5. Re #3. I can be given a key to Fort Knox and told that everything in it is mine, and I will want to complain about the long drive to get there. No matter HOW good things are, I find the one fly in the ointment and obsess to anyone within earshot about it. Can you tell that I have German heritage?


  6. I love living here as well but even I think your list is a bit on the short side. As for those crazy bronze statues, wait until you get a load of the one we have in Coburg. Next time I’m in town I will snap a picture of it just for your viewing pleasure. I don’t want to give too much away but the person it depicts is not tall and there are some gurkens involved.


  7. I must write a comment for #3, because it relates so well to #’s 2 & 5. Germans (& I don’t mind, actually rather enjoy, stereotyping them) are absolutely pent up. Punkt. Soccer games are their release. (This is from my experience). At a soccer game, the German is permitted to show something the entire world is united in shaming him/her of: national pride. And they love it. For the rest of their existence they are pent up, on time, sober-minded, clear-thinking, responsible individuals who rarely get excited (#3). But man, give them a soccer game and it is ON like Donkey Kong, as the kids say.

    And, no, Germans don’t get excited on a daily bases. We are excited people. My gf refers to Americans as puppy dogs. We are very, very excited. But as you rightly point out: Dirndls & Beer, my friend. Dirndls & Beer… :-)


  8. This post comes right on schedule considering the length of time you’ve lived here. Stick around and you’ll discover the number of jerks drops considerably the moment you stop paying any attention to them. That drives them crazy, and keeps you sane.


    1. You know, I think I may have noticed this a little already. When I act like a jerk right back to them, it seems to snap them out of their own jerk mode. Like they were doing it as a reflex or something. I also read about this tactic in one of my books on Germans prior to moving here.

      Thank you for the encouragement!


  9. “Germans are downers” – i think this comes from the need to not toot one’s own horn, more than being obsessed with being depressing.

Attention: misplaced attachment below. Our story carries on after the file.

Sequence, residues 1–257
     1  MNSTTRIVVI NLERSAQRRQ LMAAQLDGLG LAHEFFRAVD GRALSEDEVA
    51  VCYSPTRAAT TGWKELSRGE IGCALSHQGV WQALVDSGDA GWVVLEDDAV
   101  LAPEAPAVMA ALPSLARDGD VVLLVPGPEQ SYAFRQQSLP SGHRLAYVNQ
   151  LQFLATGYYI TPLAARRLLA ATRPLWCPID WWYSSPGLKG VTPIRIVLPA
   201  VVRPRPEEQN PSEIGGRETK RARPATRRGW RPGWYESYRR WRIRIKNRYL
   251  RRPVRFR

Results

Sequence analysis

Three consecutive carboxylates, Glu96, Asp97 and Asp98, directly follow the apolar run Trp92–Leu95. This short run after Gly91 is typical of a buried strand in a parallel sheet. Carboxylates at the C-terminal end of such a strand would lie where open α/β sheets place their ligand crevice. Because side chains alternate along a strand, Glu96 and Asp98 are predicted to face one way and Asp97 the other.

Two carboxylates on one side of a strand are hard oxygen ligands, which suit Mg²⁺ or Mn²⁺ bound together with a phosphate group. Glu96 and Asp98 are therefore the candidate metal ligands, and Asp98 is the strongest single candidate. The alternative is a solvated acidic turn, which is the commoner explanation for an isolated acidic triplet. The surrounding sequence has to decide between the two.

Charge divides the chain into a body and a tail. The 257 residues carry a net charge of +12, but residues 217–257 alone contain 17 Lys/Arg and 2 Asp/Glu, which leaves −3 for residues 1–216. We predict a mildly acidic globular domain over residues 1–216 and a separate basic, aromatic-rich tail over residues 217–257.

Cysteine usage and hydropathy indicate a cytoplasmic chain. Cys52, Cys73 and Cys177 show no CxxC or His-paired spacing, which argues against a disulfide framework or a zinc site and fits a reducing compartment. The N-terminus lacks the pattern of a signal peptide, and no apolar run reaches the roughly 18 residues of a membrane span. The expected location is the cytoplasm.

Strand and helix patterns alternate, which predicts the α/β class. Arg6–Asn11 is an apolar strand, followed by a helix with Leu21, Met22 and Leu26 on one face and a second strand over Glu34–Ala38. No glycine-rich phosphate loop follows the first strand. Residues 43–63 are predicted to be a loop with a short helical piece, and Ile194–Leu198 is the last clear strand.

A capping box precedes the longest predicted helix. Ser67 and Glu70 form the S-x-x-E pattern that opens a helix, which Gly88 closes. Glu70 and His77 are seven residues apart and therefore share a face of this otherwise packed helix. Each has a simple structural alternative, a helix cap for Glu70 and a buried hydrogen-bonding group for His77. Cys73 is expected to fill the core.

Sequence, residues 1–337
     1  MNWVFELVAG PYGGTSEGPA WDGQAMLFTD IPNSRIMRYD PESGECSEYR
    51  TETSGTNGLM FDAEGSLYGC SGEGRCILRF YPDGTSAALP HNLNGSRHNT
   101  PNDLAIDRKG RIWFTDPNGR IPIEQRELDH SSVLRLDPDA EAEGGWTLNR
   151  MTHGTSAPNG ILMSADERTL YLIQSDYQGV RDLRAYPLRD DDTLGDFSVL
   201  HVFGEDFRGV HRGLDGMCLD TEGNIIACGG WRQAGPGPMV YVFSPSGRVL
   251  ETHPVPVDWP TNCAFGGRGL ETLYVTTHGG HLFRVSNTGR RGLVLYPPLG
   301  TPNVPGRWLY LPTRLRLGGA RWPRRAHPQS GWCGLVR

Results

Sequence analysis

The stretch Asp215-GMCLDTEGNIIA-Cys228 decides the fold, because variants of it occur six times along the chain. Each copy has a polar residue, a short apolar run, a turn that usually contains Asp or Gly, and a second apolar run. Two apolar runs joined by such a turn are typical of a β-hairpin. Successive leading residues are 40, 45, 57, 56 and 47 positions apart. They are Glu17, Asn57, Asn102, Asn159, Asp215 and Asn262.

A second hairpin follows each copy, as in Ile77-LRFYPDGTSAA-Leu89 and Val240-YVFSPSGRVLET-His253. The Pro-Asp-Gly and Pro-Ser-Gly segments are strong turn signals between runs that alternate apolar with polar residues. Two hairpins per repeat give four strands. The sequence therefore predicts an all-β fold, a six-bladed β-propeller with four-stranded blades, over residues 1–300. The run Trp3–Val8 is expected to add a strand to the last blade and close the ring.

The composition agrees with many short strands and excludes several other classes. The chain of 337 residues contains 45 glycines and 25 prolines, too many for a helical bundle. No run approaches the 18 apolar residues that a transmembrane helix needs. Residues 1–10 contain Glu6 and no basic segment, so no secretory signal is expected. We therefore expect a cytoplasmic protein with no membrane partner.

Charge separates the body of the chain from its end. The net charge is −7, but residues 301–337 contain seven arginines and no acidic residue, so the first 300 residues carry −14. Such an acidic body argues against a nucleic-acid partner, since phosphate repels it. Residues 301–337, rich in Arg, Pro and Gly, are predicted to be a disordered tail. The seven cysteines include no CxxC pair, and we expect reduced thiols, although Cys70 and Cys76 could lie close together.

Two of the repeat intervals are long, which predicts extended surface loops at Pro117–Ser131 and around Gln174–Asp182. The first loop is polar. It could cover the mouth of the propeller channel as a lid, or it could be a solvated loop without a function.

I find it refreshing, for example, to not listen to someone overweight with a job at mcdonalds and no girlfriend exaggerate about how awesome they and their country are.


  10. Soccer Fans live and die for their team. It is important to know how other teams played because of the Bundesliga Tabelle. If you are going to be near the stadion or train station during a home game, wear neutral colors to avoid confrontation!
    Germans are especially downers during the winter time when the sun can’t get through the clouds for weeks. It is really depressing.

    LG Anja


  11. I live in Frankfurt. Guys on streets seem to feel the need to pass judgement on me when I walk past. Assholes.
    Also, Frankfurt football fans are scary – this comes from a girl who used to live in Liverpool.


  12. Glad you like it here. As for #5, well.. as you said, this is not special to us. As to #4, have you ever been to the Netherlands? These guys are tall.. tall, blond and often blue-eyed.
    And as to #1, dont pick on it. Just ignore it. And imagine how much better this madness is compared to the the-rest-of-the-world-hates-us madness after WWI.


  13. I love this post – it’s one of your well watching, hearing and describing posts that make me smile. Not about you!! Oh – no!! But because it’s so true!!
    Aren’t sometimes those the “poorest” who are the “richest”? And not only in a monetary way? :-)
    I enjoy reading your posts so much!!
    Well done!


  14. Holy crap you get a lot of comments! Can I borrow a cup of comments? Dude #3 made me laugh. Ask a German how they are doing and they will literally tell you how they are doing and all the bad stuff gets front loaded. “Hey Han how are you … oh crap here we go again”.